From the monthly archives: May 2011

This is first time I’ve ever managed to enter the Art Bead Scene challenge – I found that I’d made some beads that reminded me too much of the greens in the painting not to use them, so I created a focal to match, complete with little daisies and threaded that straight onto some copper wire to make a clasp. This way the focal and clasp are both highlighted, whilst the opposite side of the bracelet is balanced with copper jumpring clusters:



Ahem. Sorry, that’s the sound of me getting back into lampworking. Thanks to the lovely June of Beaujolais Beads I had my first play with the torch for around 6-8 months, as well as a go with some presses. It’s really strange but my first beads after the break weren’t absolutely hideous – you’d definitely recognize them as beads, albeit plain ones – but the session I did solo right after that I produced some strange undersea creatures, and wads of chewing gum on mandrels. After a few hours of cursing the torch I went back to it in the evening (it’s easier to see the flame) and finally made one or two beads that I’m pleased with (in the sense that at least they’re not hideous *G*). Why yes, I do have a picture:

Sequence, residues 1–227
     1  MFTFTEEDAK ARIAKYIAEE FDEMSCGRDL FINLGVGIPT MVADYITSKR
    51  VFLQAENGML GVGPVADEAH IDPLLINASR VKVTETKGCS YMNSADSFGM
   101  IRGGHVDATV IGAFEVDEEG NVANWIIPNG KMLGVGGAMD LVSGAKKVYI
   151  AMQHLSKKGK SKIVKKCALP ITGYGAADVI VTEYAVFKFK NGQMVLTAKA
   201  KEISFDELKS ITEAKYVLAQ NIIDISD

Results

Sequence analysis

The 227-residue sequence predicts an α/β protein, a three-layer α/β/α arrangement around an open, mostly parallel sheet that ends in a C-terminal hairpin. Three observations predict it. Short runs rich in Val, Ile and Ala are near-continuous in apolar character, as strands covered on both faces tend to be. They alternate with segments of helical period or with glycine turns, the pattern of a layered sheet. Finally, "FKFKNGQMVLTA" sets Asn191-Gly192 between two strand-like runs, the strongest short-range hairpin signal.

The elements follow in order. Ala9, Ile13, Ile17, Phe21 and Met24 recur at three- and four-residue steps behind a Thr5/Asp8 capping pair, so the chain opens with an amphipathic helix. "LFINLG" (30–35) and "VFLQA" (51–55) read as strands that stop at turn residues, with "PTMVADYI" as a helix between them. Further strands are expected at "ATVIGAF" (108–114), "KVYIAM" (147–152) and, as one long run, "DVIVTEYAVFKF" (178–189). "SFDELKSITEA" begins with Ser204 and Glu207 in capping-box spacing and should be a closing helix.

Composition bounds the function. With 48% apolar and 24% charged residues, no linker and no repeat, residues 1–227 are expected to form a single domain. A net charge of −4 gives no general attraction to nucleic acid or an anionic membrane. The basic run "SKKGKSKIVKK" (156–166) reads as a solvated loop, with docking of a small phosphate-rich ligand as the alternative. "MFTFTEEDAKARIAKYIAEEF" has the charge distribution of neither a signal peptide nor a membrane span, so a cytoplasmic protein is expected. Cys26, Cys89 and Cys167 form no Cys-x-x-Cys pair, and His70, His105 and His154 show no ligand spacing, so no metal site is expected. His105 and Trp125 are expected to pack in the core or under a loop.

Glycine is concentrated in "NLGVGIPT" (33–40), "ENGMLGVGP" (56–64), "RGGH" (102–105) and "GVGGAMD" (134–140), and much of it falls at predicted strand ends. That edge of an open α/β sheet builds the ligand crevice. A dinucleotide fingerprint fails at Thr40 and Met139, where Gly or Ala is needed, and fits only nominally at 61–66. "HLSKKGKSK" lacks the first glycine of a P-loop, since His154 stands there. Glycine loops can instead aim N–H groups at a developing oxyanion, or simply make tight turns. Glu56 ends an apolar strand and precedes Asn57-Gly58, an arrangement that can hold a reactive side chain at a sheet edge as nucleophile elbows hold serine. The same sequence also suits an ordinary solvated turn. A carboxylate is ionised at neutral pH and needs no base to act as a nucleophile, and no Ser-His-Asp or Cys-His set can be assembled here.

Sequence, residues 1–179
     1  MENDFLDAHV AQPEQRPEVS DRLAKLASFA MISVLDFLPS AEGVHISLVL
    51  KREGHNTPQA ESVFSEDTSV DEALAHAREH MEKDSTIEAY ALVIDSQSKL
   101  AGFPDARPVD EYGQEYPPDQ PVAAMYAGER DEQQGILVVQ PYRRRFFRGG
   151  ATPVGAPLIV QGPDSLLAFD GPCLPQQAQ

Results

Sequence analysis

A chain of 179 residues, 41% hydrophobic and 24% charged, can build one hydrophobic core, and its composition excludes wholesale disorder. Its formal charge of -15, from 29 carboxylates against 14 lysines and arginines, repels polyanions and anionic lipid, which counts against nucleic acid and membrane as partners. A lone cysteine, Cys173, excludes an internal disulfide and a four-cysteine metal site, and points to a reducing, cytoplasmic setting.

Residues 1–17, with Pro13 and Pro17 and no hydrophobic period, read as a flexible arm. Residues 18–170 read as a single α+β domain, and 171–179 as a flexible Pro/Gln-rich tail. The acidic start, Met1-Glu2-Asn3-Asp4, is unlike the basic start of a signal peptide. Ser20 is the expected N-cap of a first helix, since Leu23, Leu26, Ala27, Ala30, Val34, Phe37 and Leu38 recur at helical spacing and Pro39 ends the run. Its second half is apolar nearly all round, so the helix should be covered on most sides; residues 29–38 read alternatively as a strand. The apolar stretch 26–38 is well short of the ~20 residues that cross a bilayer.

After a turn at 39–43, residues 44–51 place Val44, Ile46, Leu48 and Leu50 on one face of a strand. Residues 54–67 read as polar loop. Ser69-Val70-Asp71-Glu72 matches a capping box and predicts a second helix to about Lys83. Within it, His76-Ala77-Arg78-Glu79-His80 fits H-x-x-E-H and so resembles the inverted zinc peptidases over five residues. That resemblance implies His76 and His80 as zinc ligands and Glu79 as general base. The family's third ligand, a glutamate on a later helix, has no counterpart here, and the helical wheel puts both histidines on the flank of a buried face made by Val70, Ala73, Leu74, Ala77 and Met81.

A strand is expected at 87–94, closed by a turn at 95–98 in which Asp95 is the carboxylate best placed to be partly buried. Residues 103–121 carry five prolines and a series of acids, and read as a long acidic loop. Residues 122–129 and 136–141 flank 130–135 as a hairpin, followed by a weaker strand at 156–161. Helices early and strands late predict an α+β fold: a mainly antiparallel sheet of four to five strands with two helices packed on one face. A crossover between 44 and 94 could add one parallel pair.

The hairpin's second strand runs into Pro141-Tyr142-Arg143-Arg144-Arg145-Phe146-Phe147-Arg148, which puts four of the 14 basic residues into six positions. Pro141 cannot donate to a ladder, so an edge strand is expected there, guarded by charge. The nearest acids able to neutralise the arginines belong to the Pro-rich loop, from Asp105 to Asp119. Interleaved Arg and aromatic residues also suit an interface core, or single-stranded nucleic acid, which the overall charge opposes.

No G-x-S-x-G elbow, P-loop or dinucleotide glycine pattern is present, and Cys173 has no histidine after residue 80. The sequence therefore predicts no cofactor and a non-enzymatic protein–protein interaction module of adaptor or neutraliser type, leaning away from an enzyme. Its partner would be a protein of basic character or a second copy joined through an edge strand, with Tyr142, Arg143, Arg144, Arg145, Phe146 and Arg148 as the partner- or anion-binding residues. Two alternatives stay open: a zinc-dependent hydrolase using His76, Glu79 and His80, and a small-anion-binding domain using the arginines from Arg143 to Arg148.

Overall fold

And because I’m determined to take you on every step of my lampworking journey (STOP RUNNING AWAY) here is the undersea creature I made (totally on purpose of course):


I’m ashamed to say I love these beads (is that a British thing – being embarassed about liking one’s own work?) – I have a weakness for shimmery blue, so I really liked the way these turned out:

They’re in my shop and Etsy shop now :)


Guess what I’ve been doing with walnuts?

It’s okay, it’s nothing weird. A lot of walnut shells end up in my garden, courtesy of various other animals, so yesterday I washed and scrubbed some of them, hoping to do something crafty with them. I managed to drill a hole in one of them using a tiny hand screwdriver, although it was a fiddly job, and now it’s currently being varnished.